Dee et al. (Reports, 27 March 2020, p. 1477) claimed that large volcanic eruptions do not produce a detectable El Niño response. However, they come to the wrong conclusion because they have ignored the fundamental climate response to large volcanic eruptions: Volcanic eruptions cool the surface, thus masking the relative El Niño warming.
The recent report by Dee et al. (1) claims that large volcanic eruptions do not produce a detectable El Niño response. However, they come to the wrong conclusion because the coral temperature reconstructions they use measure actual sea surface temperature (SST) and not the temperature relative to the rest of the tropics. Volcanic eruptions cool the surface, thus masking the relative El Niño warming, if expressed in absolute temperature changes. El Niño is a dynamical ocean response, which warms the eastern and central tropical Pacific with respect to the surrounding water. When the entire tropics cools in response to stratospheric aerosols from volcanic eruptions, the absolute temperature in the El Niño region will cool, too, and the impact will only be clear with respect to the surrounding region. This is called the relative SST (RSST), as shown by Khodri et al. (2).
Dee et al. have produced a valuable climate record by using oxygen isotope records from Palmyra corals to give a record of SST near the center of the region in the central Pacific Ocean that warms during an El Niño relative to the regions around it. But this SST is affected both by large-scale climate change and by local El Niños. Whereas Dee et al. used RSST in their analysis of climate model simulations in their figure S8, the basic results in figure 4 consider only raw SST, without accounting for the cooling effects of the volcanic eruptions. This is because they do not have a reliable way to calculate the tropical average temperature from proxies, so it is important to interpret the actual SST record they have produced. In this comment I am only addressing the interpretations from the Palmyra δ18O temperature reconstructions, and not the climate model results, because climate models still imperfectly simulate the El Niño response to volcanic eruptions, as can be seen by the large differences in the climate model simulations shown in figure 4.
The smaller eruptions, shown in figure 4, A and B, would not be expected to show a strong El Niño signal because of the small radiative forcing. Figure 4D shows the signal from the largest eruption in their study, the 1257 CE Samalas eruption. Rather than showing the expected large cooling in year 1 after the eruption, they found basically no signal, which I interpret as an El Niño, counteracted by the volcanic cooling. In fact, if there had not been an El Niño, we would expect to see significant cooling. The dynamical response of the climate system that triggers El Niños does not in general produce larger El Niños for larger eruptions, so the El Niño after this largest eruption would be expected to show a weaker absolute SST warming signal than that from smaller eruptions, because the volcanic cooling would be larger.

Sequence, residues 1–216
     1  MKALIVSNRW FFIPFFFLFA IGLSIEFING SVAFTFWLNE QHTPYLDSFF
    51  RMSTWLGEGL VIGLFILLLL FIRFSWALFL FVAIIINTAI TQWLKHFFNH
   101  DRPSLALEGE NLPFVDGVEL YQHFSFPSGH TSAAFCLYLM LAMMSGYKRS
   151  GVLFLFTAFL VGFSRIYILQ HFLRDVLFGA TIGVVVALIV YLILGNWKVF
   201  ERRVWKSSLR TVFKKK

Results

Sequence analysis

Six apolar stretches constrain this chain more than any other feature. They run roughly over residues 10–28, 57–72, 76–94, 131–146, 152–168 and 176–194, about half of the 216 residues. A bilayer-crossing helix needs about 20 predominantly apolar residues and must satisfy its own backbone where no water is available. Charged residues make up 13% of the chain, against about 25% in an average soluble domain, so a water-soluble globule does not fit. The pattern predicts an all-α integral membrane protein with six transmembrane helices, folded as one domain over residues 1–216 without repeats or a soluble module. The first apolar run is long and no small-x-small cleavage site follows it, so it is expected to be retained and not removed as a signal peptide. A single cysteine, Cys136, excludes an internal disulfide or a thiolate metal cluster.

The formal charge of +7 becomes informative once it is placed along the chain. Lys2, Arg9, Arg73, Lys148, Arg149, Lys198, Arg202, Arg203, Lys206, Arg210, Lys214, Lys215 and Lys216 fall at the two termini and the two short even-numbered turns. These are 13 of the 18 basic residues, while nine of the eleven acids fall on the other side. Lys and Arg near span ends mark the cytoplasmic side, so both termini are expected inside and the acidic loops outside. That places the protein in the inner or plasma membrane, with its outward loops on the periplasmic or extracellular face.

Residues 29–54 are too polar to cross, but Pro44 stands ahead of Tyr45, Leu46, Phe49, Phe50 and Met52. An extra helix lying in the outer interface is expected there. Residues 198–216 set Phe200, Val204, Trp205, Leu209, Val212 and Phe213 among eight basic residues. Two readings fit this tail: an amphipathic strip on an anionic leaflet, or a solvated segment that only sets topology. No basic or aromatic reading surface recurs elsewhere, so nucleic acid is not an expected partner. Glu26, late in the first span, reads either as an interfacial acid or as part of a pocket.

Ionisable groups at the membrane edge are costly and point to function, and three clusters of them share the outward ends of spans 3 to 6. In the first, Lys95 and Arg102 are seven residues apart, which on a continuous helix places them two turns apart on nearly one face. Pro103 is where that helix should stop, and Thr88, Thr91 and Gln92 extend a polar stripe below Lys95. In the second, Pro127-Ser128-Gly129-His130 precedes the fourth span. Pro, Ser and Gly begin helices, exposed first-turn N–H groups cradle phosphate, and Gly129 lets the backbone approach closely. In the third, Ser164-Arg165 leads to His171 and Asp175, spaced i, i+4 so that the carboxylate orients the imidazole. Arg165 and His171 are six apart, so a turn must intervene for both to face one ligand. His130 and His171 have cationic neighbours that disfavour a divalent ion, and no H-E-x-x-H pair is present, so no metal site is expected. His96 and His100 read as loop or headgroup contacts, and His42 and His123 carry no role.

Timmreck et al. (3) have suggested that larger aerosol particles from larger SO2 stratospheric injections from larger eruptions would make the radiative forcing less than linear as a function of SO2 input. Still, the radiative forcing as shown in figure 1 of Dee et al. for Samalas is approximately twice that of the average of the next three largest eruptions, and therefore we should expect twice as much cooling from that eruption. Guillet et al. (4) examined Northern Hemisphere responses to the Samalas eruption and found “that 1258 and 1259 experienced some of the coldest Northern Hemisphere summers of the past millennium.” They also found that “in North America, volcanic radiative forcing was modulated by a positive phase of the El Niño–Southern Oscillation,” evidence indeed that the Samalas eruption produced an El Niño.
Figure 4C of Dee et al. shows the SST signal averaged for the four largest eruptions, including Samalas. Even with the 0.0‰ signal from Samalas at lag 1 year, figure 4C shows a strong El Niño signal, significant at close to the 95% significance level. If the 0.0‰ value from Samalas had not been included in this average, the signal would have been higher by one-third of the signal and would have been 0.13‰, not the current 0.10‰ at lag 1 year, and would certainly have been significant at a 95% level.
If we take into account the expected cooling from volcanic eruptions, the results from Dee et al. show a clear El Niño signal from the largest eruptions they considered. The El Niño SST signal for the largest eruption is obscured by the cooling effect of the eruption. The El Niño SST signal from the next three largest eruptions is clear even when looking at the absolute SST signal.
Acknowledgments: Supported by the USDA National Institute of Food and Agriculture Hatch project 1006616 through the New Jersey Agricultural Experiment Station, Hatch project NJ07175.